Thousands of miles from the tropical watersheds of the Pacific Islands, the temperate rainforests of Alaska’s southern panhandle face surprisingly similar challenges in a changing climate. Both regions feature steep watersheds with dramatic environmental gradients and confront significant alterations to watershed ecosystems and environmental processes due to climate change.
As these watershed ecosystems undergo climate-driven changes, two Climate Adaptation Science Centers, in Alaska (AK CASC) and the Pacific Islands (PI-CASC), have joined forces to address similar local challenges in a collaboration unique within the CASC network. PI-CASC is hosted at the University of Hawaiʻi at Mānoa, and includes consortium members UH Hilo and the University of Guam; AK CASC is hosted at the University of Alaska (UA) Fairbanks with consortium members UA Anchorage and UA Southeast.
The nine CASCs are regional partnerships between university consortia and the U.S. Geological Survey.
The Pacific Islands-Alaska (PI-AK) collaboration takes a holistic ecosystem view, acknowledging the natural links between land-based watersheds, coastal landscapes and the adjacent marine environments, by studying ecosystems from “ridge to reef” in the Pacific Islands and from “icefield to ocean” in Alaska. Funded projects of the collaboration aim to explore impacts to important cultural and ecosystem services provided by these linked land-to-coastal marine systems.
“The PI-AK collaboration has been great and continues to hold so much promise,” said the PI-CASC federal director, Mari-Vaughn Johnson. “This partnership highlights that, while the Pacific Islands and Alaska are thousands of miles apart, we are actually joined by the ocean, rather than separated by it. Projections suggest that Alaska and the Pacific Islands will both face dramatic changes to land-to-coast ecosystems, many of which will impact human relationships with natural and cultural resources.”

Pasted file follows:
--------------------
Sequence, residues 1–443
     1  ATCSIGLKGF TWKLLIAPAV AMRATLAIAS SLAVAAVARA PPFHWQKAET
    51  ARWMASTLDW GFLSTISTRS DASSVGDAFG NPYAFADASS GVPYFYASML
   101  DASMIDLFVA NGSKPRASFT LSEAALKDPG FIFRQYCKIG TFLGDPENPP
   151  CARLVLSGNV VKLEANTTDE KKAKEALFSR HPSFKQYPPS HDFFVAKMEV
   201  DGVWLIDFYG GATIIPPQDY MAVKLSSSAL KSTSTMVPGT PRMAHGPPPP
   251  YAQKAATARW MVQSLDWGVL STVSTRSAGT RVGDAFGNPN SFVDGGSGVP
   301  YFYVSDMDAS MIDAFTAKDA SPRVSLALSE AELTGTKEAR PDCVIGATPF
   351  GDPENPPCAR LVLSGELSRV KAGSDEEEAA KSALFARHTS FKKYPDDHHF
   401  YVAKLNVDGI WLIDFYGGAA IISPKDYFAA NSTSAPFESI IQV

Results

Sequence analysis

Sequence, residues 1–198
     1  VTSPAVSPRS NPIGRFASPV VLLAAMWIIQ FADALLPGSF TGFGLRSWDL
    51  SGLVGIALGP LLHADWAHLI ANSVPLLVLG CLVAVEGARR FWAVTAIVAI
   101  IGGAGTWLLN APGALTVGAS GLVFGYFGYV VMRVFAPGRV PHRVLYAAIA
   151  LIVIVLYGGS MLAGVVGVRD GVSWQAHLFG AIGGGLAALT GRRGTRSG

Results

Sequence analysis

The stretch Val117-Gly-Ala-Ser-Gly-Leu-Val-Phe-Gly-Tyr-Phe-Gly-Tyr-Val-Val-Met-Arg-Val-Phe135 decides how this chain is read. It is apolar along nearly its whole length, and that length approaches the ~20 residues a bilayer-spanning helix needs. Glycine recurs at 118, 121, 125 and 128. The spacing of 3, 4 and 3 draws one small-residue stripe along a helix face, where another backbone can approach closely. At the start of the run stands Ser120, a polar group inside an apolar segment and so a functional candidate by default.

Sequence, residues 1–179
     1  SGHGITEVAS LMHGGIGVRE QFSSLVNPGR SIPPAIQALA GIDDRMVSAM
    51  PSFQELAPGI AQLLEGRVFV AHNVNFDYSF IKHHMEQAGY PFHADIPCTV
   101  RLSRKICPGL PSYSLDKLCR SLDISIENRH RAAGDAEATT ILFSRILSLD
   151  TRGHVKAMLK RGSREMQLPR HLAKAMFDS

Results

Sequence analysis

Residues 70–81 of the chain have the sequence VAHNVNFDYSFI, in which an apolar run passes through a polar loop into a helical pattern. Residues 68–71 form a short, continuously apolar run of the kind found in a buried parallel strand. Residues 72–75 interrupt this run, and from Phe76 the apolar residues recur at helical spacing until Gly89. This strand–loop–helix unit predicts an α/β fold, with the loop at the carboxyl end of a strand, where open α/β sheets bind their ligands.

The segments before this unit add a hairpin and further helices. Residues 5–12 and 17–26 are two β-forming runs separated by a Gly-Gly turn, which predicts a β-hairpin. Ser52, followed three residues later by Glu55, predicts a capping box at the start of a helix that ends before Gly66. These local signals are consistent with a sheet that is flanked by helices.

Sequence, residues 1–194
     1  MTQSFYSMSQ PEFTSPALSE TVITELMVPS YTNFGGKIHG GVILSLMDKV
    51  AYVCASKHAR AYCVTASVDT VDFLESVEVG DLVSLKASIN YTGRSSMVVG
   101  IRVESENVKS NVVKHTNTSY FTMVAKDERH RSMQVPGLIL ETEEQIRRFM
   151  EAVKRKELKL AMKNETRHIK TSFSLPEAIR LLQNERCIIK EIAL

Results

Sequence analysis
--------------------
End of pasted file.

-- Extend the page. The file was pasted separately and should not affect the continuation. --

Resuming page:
Traditional knowledge and science
In addition to the physical similarities shared by these coastal mountainous regions, Alaska and the Pacific Islands are connected by similar barriers to adaptation, such as sparse monitoring networks, challenging study environments, and inconsistent efforts to incorporate local cultural perspectives and knowledge into the research process. To address these limitations and better understand how these watersheds function and respond to climate and other stressors, there is an emphasis on collaborative research efforts that combine traditional knowledge and science to empower local adaptation decisions.
“PI-AK reinforces that our regions share many of the same needs and opportunities to develop scientist, manager and student capacity through co-production of actionable science. We both address critical resource management needs through university and federal research enterprises, incorporating local knowledge throughout the process,” said Bradley Romine, PI-CASC University Consortium deputy director and UH Mānoa extension specialist.
PI-AK funded projects were spotlighted in a special session at the 2022 Ocean Sciences Meeting. Research conducted jointly by the Alaska and Pacific Islands CASC scientists looks at the impact of changing streamflow patterns on salmon and coastal nutrients, future precipitation extremes, and how shifts in ecosystem processes such as flooding and streamflow will affect local species and communities, all described on a new PI-AK website.
“We hope this new website will serve as a living resource to document projects, relationships, and solutions-based science to support the Alaskan and Pacific Island communities,” Johnson said.
This collaboration is an example of UH Mānoa’s goal of Excellence in Research: Advancing the Research and Creative Work Enterprise (PDF) and Building a Sustainable and Resilient Campus Environment: Within the Global Sustainability and Climate Resilience Movement (PDF), two of four goals identified in the 2015–25 Strategic Plan (PDF), updated in December 2020.
Learn about projects and check for opportunities to participate in the collaboration at the PI-AK website.
–By Rachel Lentz